A new, stationary-sided crib (with no moving parts) and take the time (at least a half hour or so) to assemble it correctly, if it doesn’t come assembled. All new cribs sold in the U.S. must meet the same safety standards. You can buy a good, safe crib for around $110.
The firmest crib mattress you can find. I’m a big fan of Colgate crib mattresses because crib mattresses are what they do—and have been since 1955. There are lots of Colgate mattresses to choose from. If you’re on a big budget, just go to Amazon and select the least expensive Colgate mattress you can find.
A tight-fitting fitted crib sheet. Make sure the sheet fits your mattress snugly. (Think drum.) Colgate recommends this brand of crib sheet for its mattresses, for example, because it fits well.
Sleep sacks. Use them instead of a baby blanket in your baby’s crib. Buy 2 to 3 swaddle wraps, which should do you for the first few months and then and 2 or 3 sleep sacks in size medium for later.
A used crib with sides that go down (a.k.a. a drop-side crib). It’s illegal to sell drop-side cribs in the U.S. but you still can find them at garage/tag sales—for next to nothing. A drop-side crib is a bad deal, no matter the cost.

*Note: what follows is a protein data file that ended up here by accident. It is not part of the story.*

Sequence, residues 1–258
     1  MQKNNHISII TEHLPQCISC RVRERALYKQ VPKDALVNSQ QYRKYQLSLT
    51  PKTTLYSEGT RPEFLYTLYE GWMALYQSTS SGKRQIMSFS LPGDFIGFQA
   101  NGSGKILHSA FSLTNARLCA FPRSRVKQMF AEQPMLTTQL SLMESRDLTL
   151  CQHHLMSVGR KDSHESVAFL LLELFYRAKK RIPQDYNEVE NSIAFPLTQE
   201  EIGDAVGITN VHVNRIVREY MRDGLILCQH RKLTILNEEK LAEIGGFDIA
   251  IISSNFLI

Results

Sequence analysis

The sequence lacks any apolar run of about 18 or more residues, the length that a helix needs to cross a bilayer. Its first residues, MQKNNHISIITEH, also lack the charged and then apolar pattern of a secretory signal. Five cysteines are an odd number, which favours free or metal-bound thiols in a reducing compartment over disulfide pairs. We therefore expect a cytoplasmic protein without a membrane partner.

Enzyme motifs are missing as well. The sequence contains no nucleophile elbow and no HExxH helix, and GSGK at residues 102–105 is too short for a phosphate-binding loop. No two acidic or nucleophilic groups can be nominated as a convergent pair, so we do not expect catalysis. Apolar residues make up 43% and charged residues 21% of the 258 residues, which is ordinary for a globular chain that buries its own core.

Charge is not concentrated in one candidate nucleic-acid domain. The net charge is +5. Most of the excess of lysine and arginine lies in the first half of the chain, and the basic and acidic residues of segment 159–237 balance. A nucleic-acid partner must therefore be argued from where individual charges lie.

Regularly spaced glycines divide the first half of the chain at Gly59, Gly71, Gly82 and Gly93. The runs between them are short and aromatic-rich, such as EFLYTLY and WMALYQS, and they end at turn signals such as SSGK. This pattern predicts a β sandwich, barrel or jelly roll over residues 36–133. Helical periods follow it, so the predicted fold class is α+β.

A mattress topper (I’m linking only to show you what one looks like). Any extra padding in the sleep environment is a suffocation hazard. Suffocation in the leading cause of babies in their first year. In general, for the safest sleep environment, keep in mind, “bare is best.”
Extra bedding, such as sleep positioner, crib bumpers, pillows for the crib or play yard. No matter how cute, don’t buy it. It’s all extra padding (radar: suffocation hazard).
Strollers were associated with 12,200 injuries in the U.S. in 2013. But that was then, before the 2015 stroller safety standards were implemented in September 2015.
A new stroller so you can take advantage of the most recent and extensive safety updates, which officially went into effect in September 2015.
A used stroller; it likely pre-dates the latest stroller safety standard updates.
Note: If you have an older car seat or travel system (car seat with compatible stroller), trade it in for a new one at a 25 percent discount at Babies R Us through September 30, 2015; in-store only.